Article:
The game of chess has evolved over its 1,500+ year history. The positional style, which became popular in the late 19th century, is a style of strategy, gaining and exploiting small advantages and analyzing the larger position for the win. This style is a good analogy for how we look at telecom voice fraud, which has been around for many, many years, with fraudsters and telecom operators continuously positioning to outsmart the other. Like chess, the goal is to protect the customer and the reputation of the operator (i.e. the king and queen) by strategically utilizing various solutions (other pieces). One solution can’t do it all.
Voice calls are still a critical part of our lives. According to industry group, i3forum, during the initial COVID-19 lockdowns, international voice traffic increased 20% year-on-year in March, while the duration of phone calls was up 30% in March and over 60% in April 2020 compared to 2019. Yet voice continues to be plagued with significant fraud and security issues. According to the Communications Fraud Control Association (CFCA), top fraud types, including International Revenue Share Fraud (IRSF), Arbitrage, Interconnect Bypass, Domestic Premium Rate Service, and Traffic Pumping - all contain voice-related issues. However, certain fraud types are not included in the CFCA analysis, such as robocalls and caller ID spoofing, as it is difficult to quantify what it means in terms of dollars lost.
So, how do you detect, stop, and put measures in place to protect your reputation and your subscribers?
Strategy is the name of the game
Like chess, having an effective strategy in place requires multiple techniques to manage the wider threat, reduce the available attack area, and enable an operator to take quick action and better defend itself.
If an operator has multiple fraud-fighting tools at its disposal, a fraudster may find its way past one, but there will be another barrier around the corner. For example, let’s consider Deny Lists, which are used to block suspicious numbers. While a particular number may be on a Deny List and any call coming from this number should not get through, fraudsters are bypassing this by spoofing legitimate numbers. In the U.S., caller ID spoofing has resulted in the industry coming together to create a set of fraud-fighting technology standards called STIR/SHAKEN. While STIR/SHAKEN may thwart some level of caller ID fraud, unless all operators worldwide implement it, there will be loopholes for fraudsters to exploit.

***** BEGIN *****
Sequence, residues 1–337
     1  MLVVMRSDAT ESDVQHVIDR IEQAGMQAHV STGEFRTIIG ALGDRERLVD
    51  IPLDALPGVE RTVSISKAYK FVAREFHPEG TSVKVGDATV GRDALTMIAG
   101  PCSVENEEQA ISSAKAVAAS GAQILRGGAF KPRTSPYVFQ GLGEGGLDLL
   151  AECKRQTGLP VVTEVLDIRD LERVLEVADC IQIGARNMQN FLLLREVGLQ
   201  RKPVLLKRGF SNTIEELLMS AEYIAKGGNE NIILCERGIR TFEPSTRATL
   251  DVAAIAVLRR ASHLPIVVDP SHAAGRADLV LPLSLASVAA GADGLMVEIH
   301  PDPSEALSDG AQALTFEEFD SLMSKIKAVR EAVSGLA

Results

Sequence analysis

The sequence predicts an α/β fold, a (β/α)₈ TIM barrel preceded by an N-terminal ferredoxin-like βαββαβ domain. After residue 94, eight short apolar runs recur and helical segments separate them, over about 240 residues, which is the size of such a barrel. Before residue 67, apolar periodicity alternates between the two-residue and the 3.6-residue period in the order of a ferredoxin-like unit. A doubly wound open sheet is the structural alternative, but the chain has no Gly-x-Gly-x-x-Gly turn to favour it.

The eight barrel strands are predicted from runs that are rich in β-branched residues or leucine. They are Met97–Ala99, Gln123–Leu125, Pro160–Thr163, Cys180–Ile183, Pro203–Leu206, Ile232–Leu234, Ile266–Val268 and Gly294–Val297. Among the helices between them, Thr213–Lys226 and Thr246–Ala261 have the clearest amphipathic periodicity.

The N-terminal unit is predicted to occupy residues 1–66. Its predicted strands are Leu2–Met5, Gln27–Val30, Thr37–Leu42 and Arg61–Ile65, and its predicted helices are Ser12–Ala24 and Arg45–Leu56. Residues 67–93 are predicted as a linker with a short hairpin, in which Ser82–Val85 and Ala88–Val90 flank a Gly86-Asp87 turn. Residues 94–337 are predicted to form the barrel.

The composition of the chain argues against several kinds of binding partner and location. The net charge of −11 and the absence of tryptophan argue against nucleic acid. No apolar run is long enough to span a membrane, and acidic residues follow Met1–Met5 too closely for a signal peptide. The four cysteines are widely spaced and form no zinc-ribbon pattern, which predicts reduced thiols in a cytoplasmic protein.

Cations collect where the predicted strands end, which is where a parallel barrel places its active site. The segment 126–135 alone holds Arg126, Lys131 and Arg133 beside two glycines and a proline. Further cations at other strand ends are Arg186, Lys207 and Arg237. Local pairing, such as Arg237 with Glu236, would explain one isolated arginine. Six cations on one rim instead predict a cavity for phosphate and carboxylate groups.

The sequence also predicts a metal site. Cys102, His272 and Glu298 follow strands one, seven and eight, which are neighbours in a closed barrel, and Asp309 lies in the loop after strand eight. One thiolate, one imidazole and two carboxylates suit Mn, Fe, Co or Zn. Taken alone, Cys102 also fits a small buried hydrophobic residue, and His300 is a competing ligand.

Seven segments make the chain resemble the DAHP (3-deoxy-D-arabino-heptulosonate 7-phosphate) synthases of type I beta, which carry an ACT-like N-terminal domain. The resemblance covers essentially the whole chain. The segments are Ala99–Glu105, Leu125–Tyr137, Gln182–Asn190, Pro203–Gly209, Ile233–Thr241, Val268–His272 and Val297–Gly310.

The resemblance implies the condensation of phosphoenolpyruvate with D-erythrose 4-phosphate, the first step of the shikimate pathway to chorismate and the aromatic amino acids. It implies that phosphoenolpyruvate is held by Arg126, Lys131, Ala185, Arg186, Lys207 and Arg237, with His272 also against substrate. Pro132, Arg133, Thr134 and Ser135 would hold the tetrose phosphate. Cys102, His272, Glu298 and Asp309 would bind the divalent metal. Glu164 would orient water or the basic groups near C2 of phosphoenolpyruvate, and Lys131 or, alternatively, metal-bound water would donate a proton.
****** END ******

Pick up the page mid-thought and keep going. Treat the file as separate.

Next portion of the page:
Look beyond the CDR
Many of the commercially available solutions today only look at call detail records (CDRs) for patterns of fraud. CDRs are important to identify lists of fraudulent numbers to create a deny list. However, relying solely on CDRs has limitations:
- CDRs will not indicate whether a subscriber was calling from home network or another network;
- In the case of caller ID spoofing, operators will need to augment CDRs with additional information, such as from real-time signaling systems and test calls; and
- CDRs are generated at the end of a call, after which the fraud has already occurred.
Because of these reasons, it’s important to also look at different protocols, such as MAP, Diameter, and GTP, to help detect voice-related fraud and security issues.
Understand call context
The route and context of each call can also provide valuable insights to combatting fraud. For example, a fixed-line call coming from outside an operator’s network through an international gateway could be an indicator of call spoofing. It’s important that each call is analyzed to determine if it is legitimate. This is where a voice firewall becomes a fundamental pillar in solving the caller ID spoofing issue.
Voice Firewall’s added security
Because of the growth in VoIP networks, new vulnerabilities have been introduced in the SIP protocol that are now being exploited along with SS7, Diameter, and GTP to perpetrate voice fraud. Facing network attacks from a wide range of threats, including caller ID spoofing, Voice Firewall provides an added layer of security specific to voice services, while allowing voice communications to still take place without disruption. Voice Firewall enables operators to alleviate voice service disruptions, which impact CSPs revenue, customer experience, government regulations, and overall network productivity.
Make sure your voice firewall includes the following capabilities:
- Curated Deny List that automatically scans phone number databases, ranges and destinations, enabling operators to manage exceptions as they see fit
- Fraud Management System which goes beyond CDR only data and includes signaling data in both passive and active mode of operation
- Voice Policy and Call Treatment enforcement in order for operators to define its own policies of how calls are addressed
- Caller ID Spoofing Detection that looks at call parameters, context, the route of a call, subscriber state, Packet-Printing.
- Supports new IP technologies, such as SIP and STIR/SHAKEN, but also supports legacy ISUP and CAMEL roaming
- Detects FAS and CS mechanism as traditional approaches provide lower coverage and can be expensive
- Multi-operator deployment providing elevated support for regulators that want a common experience on all networks in its country
To learn more about how Mobileum supports operators around the world with its multi-pronged Voice Firewall portfolio, please contact us to meet with one of our Fraud and Security experts.